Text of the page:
Winter Storm Grayson's Bombogenesis Brought Whiteout Conditions From Virginia to New England, Record Coastal Flooding at Boston Harbor
Intense Winter Storm Grayson hammered the Eastern Seaboard on January 4, 2018.
High winds triggered power outages in parts of New England.
Whiteout conditions occurred along the immediate coast from Maine to the Virginia Tidewater.
Grayson's intensification was the strongest in four decades in the western Atlantic Ocean.
The top snow total was 22 inches near the Etna and Plymouth, Maine.
Islip, New York, picked up 16 inches of snow, with snowfall rates of 2 to 3 inches per hour for at least five straight hours from late morning through early afternoon on January 4.
Tidal levels at Boston Harbor topped an all-time record set during the infamous "Blizzard of '78," sending water pouring over the Long Wharf, then surging into streets in the city's Fort Point neighborhood.
Tide levels in Portland, Maine, topped out just 2 inches from their record, set in early January 1978. Based on preliminary reports, the highest tide on record was recorded in Bar Harbor, Maine, as well.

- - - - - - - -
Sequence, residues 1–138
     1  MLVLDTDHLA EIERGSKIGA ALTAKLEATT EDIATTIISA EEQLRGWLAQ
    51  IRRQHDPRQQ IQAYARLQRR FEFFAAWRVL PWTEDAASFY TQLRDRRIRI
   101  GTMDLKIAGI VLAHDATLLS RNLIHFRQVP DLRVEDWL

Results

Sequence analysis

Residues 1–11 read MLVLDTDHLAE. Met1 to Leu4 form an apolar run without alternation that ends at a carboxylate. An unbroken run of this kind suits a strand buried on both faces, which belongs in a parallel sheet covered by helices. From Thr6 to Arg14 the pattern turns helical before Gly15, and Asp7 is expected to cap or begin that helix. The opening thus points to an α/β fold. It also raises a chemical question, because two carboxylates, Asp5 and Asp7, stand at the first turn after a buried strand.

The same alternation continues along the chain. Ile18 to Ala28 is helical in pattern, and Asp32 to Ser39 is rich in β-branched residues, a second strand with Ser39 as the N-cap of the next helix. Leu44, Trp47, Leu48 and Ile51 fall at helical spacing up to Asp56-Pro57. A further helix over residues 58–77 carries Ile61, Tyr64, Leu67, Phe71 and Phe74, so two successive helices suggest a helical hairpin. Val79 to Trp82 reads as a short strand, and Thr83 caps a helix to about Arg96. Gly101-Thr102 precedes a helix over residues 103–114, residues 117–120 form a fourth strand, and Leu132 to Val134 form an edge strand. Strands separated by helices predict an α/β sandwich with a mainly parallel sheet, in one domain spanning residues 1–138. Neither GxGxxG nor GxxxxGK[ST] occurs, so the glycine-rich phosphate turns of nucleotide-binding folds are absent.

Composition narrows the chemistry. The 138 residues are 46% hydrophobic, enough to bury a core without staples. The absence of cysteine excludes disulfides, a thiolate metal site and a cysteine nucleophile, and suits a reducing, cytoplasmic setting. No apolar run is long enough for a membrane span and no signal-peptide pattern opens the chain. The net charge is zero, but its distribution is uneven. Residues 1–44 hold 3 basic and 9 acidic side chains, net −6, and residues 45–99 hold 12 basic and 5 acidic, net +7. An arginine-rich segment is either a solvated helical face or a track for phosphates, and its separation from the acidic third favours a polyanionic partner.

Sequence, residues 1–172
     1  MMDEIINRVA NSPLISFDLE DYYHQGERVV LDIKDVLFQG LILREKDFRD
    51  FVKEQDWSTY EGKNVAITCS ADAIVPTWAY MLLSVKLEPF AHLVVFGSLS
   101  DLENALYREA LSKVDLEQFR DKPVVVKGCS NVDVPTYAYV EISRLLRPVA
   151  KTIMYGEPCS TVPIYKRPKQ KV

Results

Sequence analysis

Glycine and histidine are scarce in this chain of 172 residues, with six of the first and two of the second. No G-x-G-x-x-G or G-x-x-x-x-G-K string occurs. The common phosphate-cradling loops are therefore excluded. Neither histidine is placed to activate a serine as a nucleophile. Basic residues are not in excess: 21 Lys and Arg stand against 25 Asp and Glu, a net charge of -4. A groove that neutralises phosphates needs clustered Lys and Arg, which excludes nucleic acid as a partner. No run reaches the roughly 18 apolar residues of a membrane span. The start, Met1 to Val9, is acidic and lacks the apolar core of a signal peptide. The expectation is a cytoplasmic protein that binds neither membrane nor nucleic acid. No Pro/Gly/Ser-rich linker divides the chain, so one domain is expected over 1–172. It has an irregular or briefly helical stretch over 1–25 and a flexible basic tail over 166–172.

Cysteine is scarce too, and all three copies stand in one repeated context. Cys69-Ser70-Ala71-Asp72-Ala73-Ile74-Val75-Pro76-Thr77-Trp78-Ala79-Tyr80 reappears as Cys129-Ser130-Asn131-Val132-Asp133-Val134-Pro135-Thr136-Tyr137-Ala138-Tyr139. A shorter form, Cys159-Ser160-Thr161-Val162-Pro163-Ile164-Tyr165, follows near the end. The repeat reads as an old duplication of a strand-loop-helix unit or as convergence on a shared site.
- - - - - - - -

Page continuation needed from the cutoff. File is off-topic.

Damaging wind gusts over 70 mph were recorded in Barnstable, Wellfleet, East Falmouth and Nantucket, Massachusetts, as well as on Block Island, Rhode Island, and persistent gusts over 50 mph downed power lines in southeastern Massachusetts and Connecticut.
In over four decades-worth of data compiled by Dr. Andrea Lopez Lang from SUNY-Albany and David Roth from NOAA's Weather Prediction Center, [the] bombogenesis rate of 59 millibars in 24 hours through 10 a.m. EST January 4 was a record magnitude for this part of the western Atlantic Ocean, dating to 1976.